On Christmas Eve

Once upon a time, on Christmas Eve, after the children had gone to bed and Santa had visited, I found myself dog tired. Dog. Tired. I took a few pictures of the wonderous scene of toys and gadgets that Santa had left for us, and took a deep breath in an attempt to breathe in the moment and hold it in my heart for a few beats. Then, I had every intention of going to bed.

I crossed the room to the hallway and turned off all the lights—save for the Christmas tree lights and decorations, and the light of Canon’s new fish tank.

These lights cast the most whimsical glow over the room and seemed to fill the air with magic. I paused, unable to move. Though my soft blankets and pillow were calling to me, I just… couldn’t go to them. Not yet. Because no matter how many minutes passed, my bed would still be there. But that moment… that moment wouldn’t be. The second I closed my eyes and drifted to sleep, however wonderful that might be, that moment would be gone. 

So I went back to the couch and sat across from the skeleton Canon had asked Santa for, right in between Dexter’s treasured healer from Halo and Oliver’s new book of letters. I looked over at the little Christmas tree on the piano, leaned my head against the couch and closed my eyes, and just let myself live for a moment, immersed in the quiet magic.

I thought about how time changes things. I remembered going to bed on Christmas Eve as a child, my heart full of a giddy hope and happiness, faith and light, anxious to discover the treasures Santa would bring.

I realized then that, the feeling of that moment, though I was all grown up, wasn’t much different. It was my treasures that had changed. I wanted, with all of my heart, to see joy on my children’s faces. To make sure the magic was the same for them as it had been for me, and try to absorb every smile, laugh and passing moment and hold it in my heart forever—to turn this thread in the tapestry of time into gold. Because these are the things worth living for. These are the moments that light the horizon, ushering in the dawn or breaking through the clouds. These are the true treasures of life.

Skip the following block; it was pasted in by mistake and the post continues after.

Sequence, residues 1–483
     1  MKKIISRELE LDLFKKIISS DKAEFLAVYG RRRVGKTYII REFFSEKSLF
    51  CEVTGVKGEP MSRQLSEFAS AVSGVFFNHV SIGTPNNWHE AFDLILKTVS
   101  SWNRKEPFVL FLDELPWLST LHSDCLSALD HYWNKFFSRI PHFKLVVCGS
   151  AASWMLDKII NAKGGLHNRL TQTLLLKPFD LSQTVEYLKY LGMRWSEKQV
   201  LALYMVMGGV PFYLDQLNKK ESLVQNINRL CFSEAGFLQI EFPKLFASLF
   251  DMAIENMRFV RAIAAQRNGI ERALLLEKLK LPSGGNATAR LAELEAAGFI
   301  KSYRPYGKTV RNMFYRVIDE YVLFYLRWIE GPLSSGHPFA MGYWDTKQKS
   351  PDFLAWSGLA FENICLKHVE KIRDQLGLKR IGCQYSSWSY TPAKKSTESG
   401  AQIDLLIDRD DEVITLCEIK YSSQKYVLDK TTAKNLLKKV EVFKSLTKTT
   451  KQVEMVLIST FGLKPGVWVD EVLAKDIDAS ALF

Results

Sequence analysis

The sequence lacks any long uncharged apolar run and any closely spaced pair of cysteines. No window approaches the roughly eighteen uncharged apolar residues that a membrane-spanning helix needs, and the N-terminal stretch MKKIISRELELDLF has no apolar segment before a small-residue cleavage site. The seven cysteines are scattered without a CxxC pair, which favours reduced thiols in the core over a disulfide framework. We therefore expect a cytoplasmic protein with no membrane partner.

I get busy. I get tired. I get exhausted as I try to heal on all levels. I feel like I’ve been fighting a cold for two months, but it has yet to amount to anything significant, all it does is make me tired—always. My house is in a constant state of messiness, shifting only from Hoarders-messy to less-messy, and sometimes the days disappear and I wonder what, exactly, I did. I know I was busy, but… why, again? I don’t remember…

When this happens, I lose sight of what is important. I lose sight of how fast my kids are growing and changing. I lose sight of how much I don’t want to suddenly find them all grown up, and wish I had been present when the sunlight of treasured-memories-in-the-making was breaking through the wind and clouds.

I’m so grateful I didn’t go straight to bed on Christmas Eve like I wanted to, so I could remember it today, before I finally take down my decorations and am forced to admit that another year has passed, and my kids are officially older. I’m grateful to be reminded to let some things go. I really, really need to let some things go. I mean, if I can’t even remember what’s making me so busy… maybe there are a few things I can change, so I can slow down and live immersed in what is truly important. There can be magic every day, if we allow ourselves to sacrifice a few things that can wait, for the beautiful moments that disappear all too quickly, like clouds carried away by the wind.

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